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Find the top rated atv trails in North Bethesda, whether you're looking for an easy short atv trail or a long atv trail, you'll find what you're looking for. Click on a atv trail below to find trail descriptions, trail maps, photos, and reviews.
I rode the entire Torrey C. Brown Trail starting in New Freedom, PA and ending in Cockeysville, MD. The entire trail is in very good condition, is flat and offers plenty of shade to keep you cool. The Maryland portion of the trail is 19.7 miles, starting at New Freedom added another 1.5 miles to my ride.
I rode on a beautiful Sunday in early June; the trail gets busy especially as I got closer to Cockeysville but everyone was courteous and respectful. There are multiple trail heads with Montkton serving as a great mid-point as it offers a cafe, real bathrooms and a small museum. The scenery changes from fields to streams to verdant hills; the entire ride was captivating.
My wife & I rode 22-miles from the John V. Baggett Park trailhead to Deborah Drive and back. The trail is very well maintained with a smooth consistent surface. The tree-lined southern half offers a bit more shade and is farther from the main highway. There are a dozen markers along the trail detailing the history of the railroad & local communities. All in all a very pleasant ride.
Out of town for a local event and car across this gem. Great riding trail.
Beautiful ride, be careful on this trail though, there are some steep embankments that you really should be aware of...other than that I loved the shaded trail and the often beautiful farmlands
I have ran this trail several times due to it being fairly close to home.
I have biked this trail too, but did not enjoy it as much as running it.
This is a very nice, paved, mile marked trail.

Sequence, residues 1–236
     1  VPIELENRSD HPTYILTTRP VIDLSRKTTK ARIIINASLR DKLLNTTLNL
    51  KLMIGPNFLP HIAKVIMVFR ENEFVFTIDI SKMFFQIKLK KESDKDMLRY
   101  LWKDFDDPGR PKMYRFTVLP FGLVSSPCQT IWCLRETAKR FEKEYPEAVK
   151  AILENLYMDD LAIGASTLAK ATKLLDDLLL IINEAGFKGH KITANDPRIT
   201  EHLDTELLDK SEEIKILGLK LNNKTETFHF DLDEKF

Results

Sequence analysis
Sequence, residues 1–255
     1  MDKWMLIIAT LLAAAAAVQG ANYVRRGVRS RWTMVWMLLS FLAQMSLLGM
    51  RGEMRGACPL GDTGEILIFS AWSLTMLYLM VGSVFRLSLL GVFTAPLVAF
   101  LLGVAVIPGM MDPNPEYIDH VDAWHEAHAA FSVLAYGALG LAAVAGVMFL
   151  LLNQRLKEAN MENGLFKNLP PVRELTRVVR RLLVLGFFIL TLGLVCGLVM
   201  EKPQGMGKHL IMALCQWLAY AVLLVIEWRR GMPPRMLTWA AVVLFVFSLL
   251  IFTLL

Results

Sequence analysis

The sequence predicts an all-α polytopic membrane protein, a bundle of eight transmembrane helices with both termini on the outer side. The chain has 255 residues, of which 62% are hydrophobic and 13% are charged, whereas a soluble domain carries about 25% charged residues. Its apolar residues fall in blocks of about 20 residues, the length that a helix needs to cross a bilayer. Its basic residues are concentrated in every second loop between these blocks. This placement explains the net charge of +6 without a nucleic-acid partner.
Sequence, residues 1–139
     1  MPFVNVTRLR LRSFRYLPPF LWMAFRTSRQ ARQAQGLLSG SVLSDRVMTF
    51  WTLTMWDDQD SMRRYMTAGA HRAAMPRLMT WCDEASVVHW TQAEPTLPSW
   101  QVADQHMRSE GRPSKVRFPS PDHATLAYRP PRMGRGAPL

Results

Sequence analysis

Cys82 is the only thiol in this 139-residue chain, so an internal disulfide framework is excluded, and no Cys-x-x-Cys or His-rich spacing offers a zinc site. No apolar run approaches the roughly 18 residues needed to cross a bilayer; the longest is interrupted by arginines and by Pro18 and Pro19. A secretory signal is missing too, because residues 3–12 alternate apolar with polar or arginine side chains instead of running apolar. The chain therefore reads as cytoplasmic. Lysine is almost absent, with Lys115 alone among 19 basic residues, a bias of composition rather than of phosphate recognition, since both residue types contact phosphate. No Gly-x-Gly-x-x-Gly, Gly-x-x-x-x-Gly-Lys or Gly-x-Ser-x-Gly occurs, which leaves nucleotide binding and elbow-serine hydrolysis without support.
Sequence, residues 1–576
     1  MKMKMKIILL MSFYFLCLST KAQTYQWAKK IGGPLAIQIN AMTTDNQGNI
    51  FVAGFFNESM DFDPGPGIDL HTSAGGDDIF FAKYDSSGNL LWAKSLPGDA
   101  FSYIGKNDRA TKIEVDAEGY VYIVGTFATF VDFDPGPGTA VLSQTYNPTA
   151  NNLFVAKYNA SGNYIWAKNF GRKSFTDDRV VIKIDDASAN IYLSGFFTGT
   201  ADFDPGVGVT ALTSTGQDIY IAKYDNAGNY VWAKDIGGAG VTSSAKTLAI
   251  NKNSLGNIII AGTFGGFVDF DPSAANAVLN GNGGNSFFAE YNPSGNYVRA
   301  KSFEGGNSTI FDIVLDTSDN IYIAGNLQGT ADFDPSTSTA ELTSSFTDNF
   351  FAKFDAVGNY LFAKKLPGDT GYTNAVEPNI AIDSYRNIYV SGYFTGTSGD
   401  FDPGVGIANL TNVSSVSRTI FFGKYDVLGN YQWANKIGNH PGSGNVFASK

The first 4 miles or so do have a couple decent hills that are a challenge.
The other challenge are the amount of road crossings. The reason that the bike ride was less enjoyable. Hard to get a steady stride going.
And a warning, for both runners and bikers, the cars on the roads DO NOT STOP for you to cross.
I've made a point of stopping and checking for cars approaching.
This is the only negative aspect of this trail.
You may get to see some wildlife and I enjoy seeing the very large cargo plane flying overhead. Very cool.
So as always, if in the area and looking to get a couple miles in, give this trail a run.
I've biked a section of this trail from the airport to where you connect with the W&OD. Nice, paved trail. Slight incline as you bike away from the airport and river.
I've biked this trail a few times, mainly as a starting point to bike either the W&OD or the C&O Canal. It's paved and smooth, relatively flat. I've biked the section between the airport, where the Mt. Vernon meets the Four Mile Trail to the F. S. Key Bridge. The trail does get busy with walkers, runners and other bikers and caution is needed when crossing streets and intersections.
The parks at both ends of the trail where the parking lots are located also have fishing piers and charge $10 to park. I couldn't find any decent, free parking so I went to the Cross Island trail.